Having said that, OSHA is considering enacting a law that would require every mobile crane operator to pass a set of additional mobile crane exams before being considered mobile crane certified. For now, this requirement has been postponed until November at 2107, and maybe longer. There are some organizations (NCCER, NCCCO, CIC) that still offer these written and practical exams and, yes, if you pass them, they are portable, recognized across the country. There are also some states that require it now. However, they simply prove you have passed the exam. It is still the responsibility of the employer to see you receive training. Many employers may simply accept your card, but if an accident were to occur they would still need to prove training. Just telling OSHA that and operator had a mobile crane certification card will not suffice, nor will it undo the accident.
It depends. As alluded to above, the adoption of this law requiring mobile crane certification through an authorized organization has been postponed at least until 2017. It is still wise to take these additional mobile crane exams though, if you need to and can afford it. But you may not need to take it. OSHA 29 CFR 1926 Subpart CC (the new proposed law) only applies to cranes used in construction. If you are not using the knuckle boom truck for construction, you do not have to certify your operator through NCCCO. But as the employer, you still need to “certify” them yourself by training them. Also, generally speaking, if the articulating boom truck has an automatic overload device and you are just using it to deliver goods to the ground (in no particular order for hoisting) or if you are simply delivering packaged goods or sheet goods (like plywood or drywall), then knuckle boom truck operators do not need the additional knuckle boom certification. It can be more complicated than that, though, so you should consult the material handling exclusion for knuckle boom cranes: 1926.1400(c)(17).
This, above all, causes a lot of confusion. Bottom line, OSHA states that employers are responsible to train their employees. Generally speaking, there are three ways they can do this:
In terms of using a 3rd part of a safety training companies materials (like our knuckle boom crane training kits on CD or our knuckle boom crane online training class) OSHA does not recognize one company over another. They simply state that ‘training needs to occur’ and ‘here are the things a mobile crane operator should be trained on.’
When we do live training or offer knuckle boom crane training online, people often assume we are the ones certifying the trainees. This is not true for any training company. We are simply assisting the employer by providing live knuckle boom crane training or the knuckle boom crane training materials needed to help them knuckle boom crane certify their employees.
As mentioned earlier, there is a lot of confusion surrounding OSHA’s proposal to enact a law requiring knuckle boom crane operators to pass a knuckle boom crane written exam and a knuckle boom crane practical exam to be knuckle boom crane certified. This proposal is not in effect. It has been delayed at least until November 2017. But even if the law passes, knuckle boom crane operators will still need to receive traditional operator safety training outside of the additional exams.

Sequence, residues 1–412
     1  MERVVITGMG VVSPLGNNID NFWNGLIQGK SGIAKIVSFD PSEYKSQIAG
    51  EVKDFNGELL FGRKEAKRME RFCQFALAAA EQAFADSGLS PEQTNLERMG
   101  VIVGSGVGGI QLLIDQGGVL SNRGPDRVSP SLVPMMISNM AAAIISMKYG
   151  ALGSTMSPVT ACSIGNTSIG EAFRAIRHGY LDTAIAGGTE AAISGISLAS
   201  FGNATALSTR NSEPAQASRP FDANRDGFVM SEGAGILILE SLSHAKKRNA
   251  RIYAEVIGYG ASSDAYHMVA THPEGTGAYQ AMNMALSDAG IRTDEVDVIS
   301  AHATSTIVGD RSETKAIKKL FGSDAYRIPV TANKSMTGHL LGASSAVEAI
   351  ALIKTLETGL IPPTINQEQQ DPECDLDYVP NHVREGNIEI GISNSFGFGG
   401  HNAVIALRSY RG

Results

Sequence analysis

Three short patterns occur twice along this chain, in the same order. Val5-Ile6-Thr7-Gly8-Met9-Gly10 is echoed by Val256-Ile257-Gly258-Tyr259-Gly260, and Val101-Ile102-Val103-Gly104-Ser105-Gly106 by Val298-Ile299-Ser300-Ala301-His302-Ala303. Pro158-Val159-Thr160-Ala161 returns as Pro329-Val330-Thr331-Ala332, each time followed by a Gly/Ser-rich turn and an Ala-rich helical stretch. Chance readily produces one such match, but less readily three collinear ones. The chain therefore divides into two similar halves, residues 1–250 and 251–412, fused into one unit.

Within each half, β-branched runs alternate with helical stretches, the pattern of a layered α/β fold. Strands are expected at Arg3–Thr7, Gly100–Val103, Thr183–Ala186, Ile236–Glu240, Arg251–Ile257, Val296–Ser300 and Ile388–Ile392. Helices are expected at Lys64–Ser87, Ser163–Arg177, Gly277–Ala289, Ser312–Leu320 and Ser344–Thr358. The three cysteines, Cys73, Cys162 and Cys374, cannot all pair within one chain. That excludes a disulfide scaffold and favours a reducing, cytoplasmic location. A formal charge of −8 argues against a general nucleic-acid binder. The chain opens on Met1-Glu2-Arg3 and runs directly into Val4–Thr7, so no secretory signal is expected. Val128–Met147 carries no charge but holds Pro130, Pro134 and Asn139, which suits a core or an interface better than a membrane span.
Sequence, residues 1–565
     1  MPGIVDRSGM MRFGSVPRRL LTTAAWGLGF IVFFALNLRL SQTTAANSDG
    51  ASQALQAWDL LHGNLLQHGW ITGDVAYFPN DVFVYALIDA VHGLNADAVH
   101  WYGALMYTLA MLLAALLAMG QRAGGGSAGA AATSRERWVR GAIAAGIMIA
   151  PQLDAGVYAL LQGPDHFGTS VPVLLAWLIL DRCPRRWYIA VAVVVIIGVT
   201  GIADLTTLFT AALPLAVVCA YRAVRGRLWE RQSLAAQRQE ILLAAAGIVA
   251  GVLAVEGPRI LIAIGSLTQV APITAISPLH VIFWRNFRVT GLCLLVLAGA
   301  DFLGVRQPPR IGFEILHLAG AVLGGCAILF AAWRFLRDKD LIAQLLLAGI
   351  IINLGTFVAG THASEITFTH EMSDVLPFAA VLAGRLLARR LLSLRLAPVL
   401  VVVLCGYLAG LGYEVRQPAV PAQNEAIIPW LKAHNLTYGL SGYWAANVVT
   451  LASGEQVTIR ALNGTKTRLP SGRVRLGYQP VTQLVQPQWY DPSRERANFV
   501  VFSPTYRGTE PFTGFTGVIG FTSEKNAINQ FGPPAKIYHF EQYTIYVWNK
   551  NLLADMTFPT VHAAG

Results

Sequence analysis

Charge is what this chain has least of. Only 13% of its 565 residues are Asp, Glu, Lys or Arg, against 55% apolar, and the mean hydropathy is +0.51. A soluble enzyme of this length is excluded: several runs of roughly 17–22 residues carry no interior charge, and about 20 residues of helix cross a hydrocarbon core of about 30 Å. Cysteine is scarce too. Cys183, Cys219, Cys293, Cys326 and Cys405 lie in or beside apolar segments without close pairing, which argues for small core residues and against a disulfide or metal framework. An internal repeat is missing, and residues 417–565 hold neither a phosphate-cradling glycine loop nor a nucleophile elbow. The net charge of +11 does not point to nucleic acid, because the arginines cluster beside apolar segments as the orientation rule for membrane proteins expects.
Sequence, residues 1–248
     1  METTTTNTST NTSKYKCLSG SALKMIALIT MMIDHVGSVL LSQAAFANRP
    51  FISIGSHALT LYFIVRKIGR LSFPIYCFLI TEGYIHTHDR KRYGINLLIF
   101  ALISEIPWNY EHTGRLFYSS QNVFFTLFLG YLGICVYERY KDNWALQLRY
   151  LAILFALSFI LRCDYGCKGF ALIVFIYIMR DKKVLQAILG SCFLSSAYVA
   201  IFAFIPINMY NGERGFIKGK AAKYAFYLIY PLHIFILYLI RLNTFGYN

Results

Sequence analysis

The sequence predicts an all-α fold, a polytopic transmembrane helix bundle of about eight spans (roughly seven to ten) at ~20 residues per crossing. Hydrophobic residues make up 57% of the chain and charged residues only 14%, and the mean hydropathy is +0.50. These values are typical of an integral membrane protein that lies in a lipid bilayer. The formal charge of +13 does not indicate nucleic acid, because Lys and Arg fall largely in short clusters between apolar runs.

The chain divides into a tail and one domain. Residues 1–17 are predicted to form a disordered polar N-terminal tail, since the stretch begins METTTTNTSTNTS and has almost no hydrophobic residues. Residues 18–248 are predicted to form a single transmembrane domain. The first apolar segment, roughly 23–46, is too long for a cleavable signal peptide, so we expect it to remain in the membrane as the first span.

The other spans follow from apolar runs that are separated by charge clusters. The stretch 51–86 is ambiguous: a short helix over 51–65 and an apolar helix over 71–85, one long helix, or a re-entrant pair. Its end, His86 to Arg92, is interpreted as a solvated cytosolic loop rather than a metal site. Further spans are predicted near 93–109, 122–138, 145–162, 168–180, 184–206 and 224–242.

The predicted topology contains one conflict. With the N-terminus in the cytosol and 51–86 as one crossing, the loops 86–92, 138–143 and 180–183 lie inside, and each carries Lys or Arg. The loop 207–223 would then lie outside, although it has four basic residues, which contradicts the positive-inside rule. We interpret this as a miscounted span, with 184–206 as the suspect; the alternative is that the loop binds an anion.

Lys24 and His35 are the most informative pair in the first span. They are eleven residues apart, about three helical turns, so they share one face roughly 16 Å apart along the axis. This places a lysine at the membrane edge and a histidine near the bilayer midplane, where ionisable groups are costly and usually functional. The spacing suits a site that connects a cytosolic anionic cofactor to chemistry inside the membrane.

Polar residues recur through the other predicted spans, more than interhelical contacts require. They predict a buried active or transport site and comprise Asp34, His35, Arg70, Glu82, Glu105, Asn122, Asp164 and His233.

The online knuckle boom crane training class covers OSHA’s requirements for the classroom portion. Many employers prefer online training because they know exactly what mobile crane training the operator will receive. In live classes, the training sometimes varies. A written exam is included at the end of our online training courses. After the knuckle boom crane class and exam are finished, you and your safety managers will have immediate access to a practical evaluation checklist. This can be printed off and used by your supervisor to help him or her evaluate you on the mobile crane. When done, they can sign it and file it with your exam. This will satisfy OSHA’s requirements for knuckle boom crane certification.
Contrary to popular belief, OSHA does not dictate what a passing score entails. That is ultimately up to the employer whose responsibility it is to certify, or authorize, their employee to operate a boom truck. If you want to pass him at 80%, fine. But what if a question or two among the 20% missed could lead to an accident or death? Is it worth it? Our recommendation is that you always go over any missed questions with your trainees—even if they just missed one. Once they understand the principle missed, have them write their initials by the correct answer. That way, you are protecting them and those around them from potential accidents in the future.
A knuckle boom crane is a truck mounted crane with an articulating arm that knuckles or bends inward. Most typically have sections that telescope out at the end too. In many areas throughout the world they are referred to as articulated boom trucks and not considered cranes. A few come equipped with a winch and hoist line, but most often they are seen on construction sites lifting drywall or plywood with fork attachments. They are also called knuckle boom cranes, articulated boom cranes, articulated boom cranes, knuckle boom lifts, knuckle boom cranes, knuckle boom loaders, drywall cranes, and knuckle booms, crane mounted boom crane, knuckle boom crane, among other names.